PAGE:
Adnams, one of those familiar names in 20th-century English beer culture (or even 19th century - founded 1872), apparently seeks to make connection with the new 'americanized' craft beer culture and presents this "innovation" IPA, with IPA spelled I.P.A. with punctuation, a clear nod to the fact that the abbreviation originally stands for something traditionally English. One of several beers under the Jack Brand label, a brand developed in 2013, with a style of label supposedly inspired by antique Adnams bottles. Bottle from the Albert Heijn supermarket in Sint-Niklaas. Moussy, yellowish egg-white, medium thick head, quickly dissipating in the middle but retaining well around the edge with some dots of lacing here and there; cristal clear, pale orange-tinged 'old gold' robe, lacking in visible sparkling and remaining just as clear with every drop poured into the bottle - this is clearly filtered and pasteurized. The latter is apparent in the aroma, with that unmistakable, 'freshly ironed cloth', cooked-like effect in the nose, sadly very deeply penetrating more flattering hints of dried field flowers, dry cookies, Camembert cheese (the hops growing old, I presume), melting butter, Conférence pear, green hay, honey-glazed turnips, seitan, green peppercorns, cake and something plaster-like. Very cleanly fruity onset, only restrained hints of dried apricot and unripe pear sweetishness with a basic sourishness to it, the latter accentuated (or even largely established) by a sharpish carbonation; slick, bit oily, even somewhat buttery mouthfeel, but perhaps a bit thinnish for a near to 7% ABV beer. Cereally, rounded, lightly biscuity maltiness with a very, very subtle toasty side to it; pear-like echoes of fruitiness remain, but seem to have more to do with the malt bill than with fermentation (note, in this context, that the label mentions "contains barley and wheat" - this is clearly not an all-malt beer). The wheat adds a light soapiness, whereas the hops, a combination of two very classic varieties (one European, one American) with a far less traditional one (Boadicea, developed in 2004 in Britain), add retronasal floral and grassy aromas, perhaps a bit citrus zest-like as well, along with a mild, lightly resiny and softly (white) peppery bitterness - yet underachieving in a beer labelled "IPA" (or rather: "I.P.A."). Fortunately the hops get the last word, as their bitterness lingers beyond anything else, albeit gently so; some peppery, warming alcohol is also noticeable, which should not be the case in a beer of this strength. Tally Ho and especially the famous Broadside were historically influential beers in the old pre-'craft beer hype' times and as such should be treated with respect, but I have no idea why Adnams comes up with this: basically an old English IPA with certain American traits (higher ABV than was traditionally the case, Columbus hops), which in itself is not a bad idea at all, but then filtered and pasteurized to the point where the little fermentation fruitiness a clean English yeast strain produces, is reduced to almost nothing. And as the late Michael Jackson cleverly observed, the 'cooked' smell of pasteurization is so all-consuming that it can never be hidden. Though this beer is perfectly drinkable, even enjoyable to a certain extent, it would have been much, much better if it hadn't undergone the torture of pasteurization - but then, it probably would not be as suitable to be sold on the shelves of a - to Adnams - foreign supermarket. An industrial, clean, 'easy' and simple "IPA" for the masses - so what was that "innovation" part about again?... mjik83 (1722) - Maastricht, NETHERLANDS - NOV 14, 2017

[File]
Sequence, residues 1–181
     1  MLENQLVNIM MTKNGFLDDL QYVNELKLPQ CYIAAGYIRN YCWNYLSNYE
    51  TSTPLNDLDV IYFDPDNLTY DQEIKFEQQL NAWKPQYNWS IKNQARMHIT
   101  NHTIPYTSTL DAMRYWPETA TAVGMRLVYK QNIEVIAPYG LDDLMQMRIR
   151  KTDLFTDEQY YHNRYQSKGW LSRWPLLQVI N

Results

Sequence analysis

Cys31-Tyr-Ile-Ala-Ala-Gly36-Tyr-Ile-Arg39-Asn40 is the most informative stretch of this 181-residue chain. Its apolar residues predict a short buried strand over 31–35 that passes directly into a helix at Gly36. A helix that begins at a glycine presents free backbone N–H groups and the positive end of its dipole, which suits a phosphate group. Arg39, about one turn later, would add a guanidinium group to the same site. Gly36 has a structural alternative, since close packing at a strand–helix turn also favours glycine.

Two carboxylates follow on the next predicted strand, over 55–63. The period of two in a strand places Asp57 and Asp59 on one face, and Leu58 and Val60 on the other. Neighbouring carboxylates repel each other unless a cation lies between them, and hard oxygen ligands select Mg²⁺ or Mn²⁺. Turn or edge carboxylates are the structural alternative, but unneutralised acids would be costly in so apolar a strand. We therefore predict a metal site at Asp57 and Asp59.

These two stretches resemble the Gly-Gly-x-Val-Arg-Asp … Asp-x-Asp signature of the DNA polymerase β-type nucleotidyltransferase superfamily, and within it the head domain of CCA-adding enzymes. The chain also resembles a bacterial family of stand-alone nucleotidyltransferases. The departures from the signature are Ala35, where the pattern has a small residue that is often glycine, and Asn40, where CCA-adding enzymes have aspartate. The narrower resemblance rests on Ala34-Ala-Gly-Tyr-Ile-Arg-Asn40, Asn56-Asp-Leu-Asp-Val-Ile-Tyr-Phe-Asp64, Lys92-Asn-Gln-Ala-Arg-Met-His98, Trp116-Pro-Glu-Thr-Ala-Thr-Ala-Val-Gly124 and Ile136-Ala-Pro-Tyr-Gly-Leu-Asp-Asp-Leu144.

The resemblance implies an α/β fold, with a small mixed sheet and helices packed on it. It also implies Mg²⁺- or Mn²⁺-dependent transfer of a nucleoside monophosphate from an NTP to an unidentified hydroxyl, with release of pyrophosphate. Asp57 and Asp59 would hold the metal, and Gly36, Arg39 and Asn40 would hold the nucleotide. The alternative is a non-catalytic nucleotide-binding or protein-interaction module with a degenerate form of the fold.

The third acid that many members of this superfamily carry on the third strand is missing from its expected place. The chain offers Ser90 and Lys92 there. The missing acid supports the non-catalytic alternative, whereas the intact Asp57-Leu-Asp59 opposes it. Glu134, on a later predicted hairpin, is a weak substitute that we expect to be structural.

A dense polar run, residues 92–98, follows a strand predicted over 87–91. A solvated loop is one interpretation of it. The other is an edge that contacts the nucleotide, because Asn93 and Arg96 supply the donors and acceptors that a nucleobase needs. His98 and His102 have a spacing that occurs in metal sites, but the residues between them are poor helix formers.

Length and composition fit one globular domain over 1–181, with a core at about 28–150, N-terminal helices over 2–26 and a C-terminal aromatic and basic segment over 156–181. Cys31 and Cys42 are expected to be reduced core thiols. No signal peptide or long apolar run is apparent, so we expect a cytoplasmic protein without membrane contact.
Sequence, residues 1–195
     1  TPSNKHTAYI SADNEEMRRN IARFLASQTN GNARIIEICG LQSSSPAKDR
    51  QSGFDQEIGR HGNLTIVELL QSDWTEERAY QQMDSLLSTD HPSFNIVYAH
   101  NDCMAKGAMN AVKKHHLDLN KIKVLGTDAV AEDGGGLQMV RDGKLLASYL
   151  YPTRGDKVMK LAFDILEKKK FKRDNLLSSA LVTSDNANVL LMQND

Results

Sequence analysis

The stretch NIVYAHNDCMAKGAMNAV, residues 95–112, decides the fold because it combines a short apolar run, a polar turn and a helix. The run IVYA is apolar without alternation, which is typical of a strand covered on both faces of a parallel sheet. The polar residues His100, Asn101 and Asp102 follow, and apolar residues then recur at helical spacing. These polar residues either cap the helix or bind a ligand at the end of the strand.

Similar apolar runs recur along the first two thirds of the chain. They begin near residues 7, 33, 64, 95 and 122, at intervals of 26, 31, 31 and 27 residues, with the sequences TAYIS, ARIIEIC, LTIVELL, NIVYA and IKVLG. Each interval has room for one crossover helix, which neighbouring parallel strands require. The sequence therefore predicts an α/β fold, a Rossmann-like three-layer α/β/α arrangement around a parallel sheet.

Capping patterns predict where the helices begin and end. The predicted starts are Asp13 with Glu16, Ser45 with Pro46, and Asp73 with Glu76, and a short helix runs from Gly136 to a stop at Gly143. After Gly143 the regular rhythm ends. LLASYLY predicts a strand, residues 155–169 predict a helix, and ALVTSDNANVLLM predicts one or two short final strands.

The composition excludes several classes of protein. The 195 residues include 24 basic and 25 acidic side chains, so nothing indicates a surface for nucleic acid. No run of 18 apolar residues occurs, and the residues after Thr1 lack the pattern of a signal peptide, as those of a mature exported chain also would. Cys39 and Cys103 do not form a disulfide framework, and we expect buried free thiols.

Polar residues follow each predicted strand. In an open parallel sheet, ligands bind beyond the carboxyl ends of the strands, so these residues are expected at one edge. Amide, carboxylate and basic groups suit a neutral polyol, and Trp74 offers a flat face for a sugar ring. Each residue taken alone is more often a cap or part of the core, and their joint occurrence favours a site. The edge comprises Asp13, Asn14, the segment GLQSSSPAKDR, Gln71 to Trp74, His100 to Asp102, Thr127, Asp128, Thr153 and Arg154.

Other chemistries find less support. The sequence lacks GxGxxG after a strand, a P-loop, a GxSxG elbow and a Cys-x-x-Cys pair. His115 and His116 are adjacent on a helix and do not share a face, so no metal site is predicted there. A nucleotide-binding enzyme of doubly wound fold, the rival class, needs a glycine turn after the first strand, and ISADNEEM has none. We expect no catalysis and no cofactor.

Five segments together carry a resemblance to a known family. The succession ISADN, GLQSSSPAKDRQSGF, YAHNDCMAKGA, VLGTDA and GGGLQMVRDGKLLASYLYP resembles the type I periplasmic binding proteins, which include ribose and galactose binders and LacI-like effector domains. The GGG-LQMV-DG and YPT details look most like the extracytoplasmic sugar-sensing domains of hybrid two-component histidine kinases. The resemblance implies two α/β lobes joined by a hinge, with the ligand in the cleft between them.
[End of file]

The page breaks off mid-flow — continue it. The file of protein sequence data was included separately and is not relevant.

33cl flesje via AH, Breda
Alcoholpercentage van 6,7%
Uitgeschonken in Leffe glas
Uiterlijk: goudoranje met kleine witte schuimkraag
Aroma en smaak: neus is licht tropisch fruit, smaak is ook peperig, grapefruit, tropisch fruit, pine, redelijke bitter
Conclusie: kan beter deze IPA, wat vlak rotaman14 (785) - Wiesbaden, GERMANY - NOV 12, 2017
A bitter but well balanced IPA, with aromas of mango, persimmon and dough. A prime example of the style, even if it isn't really innovative.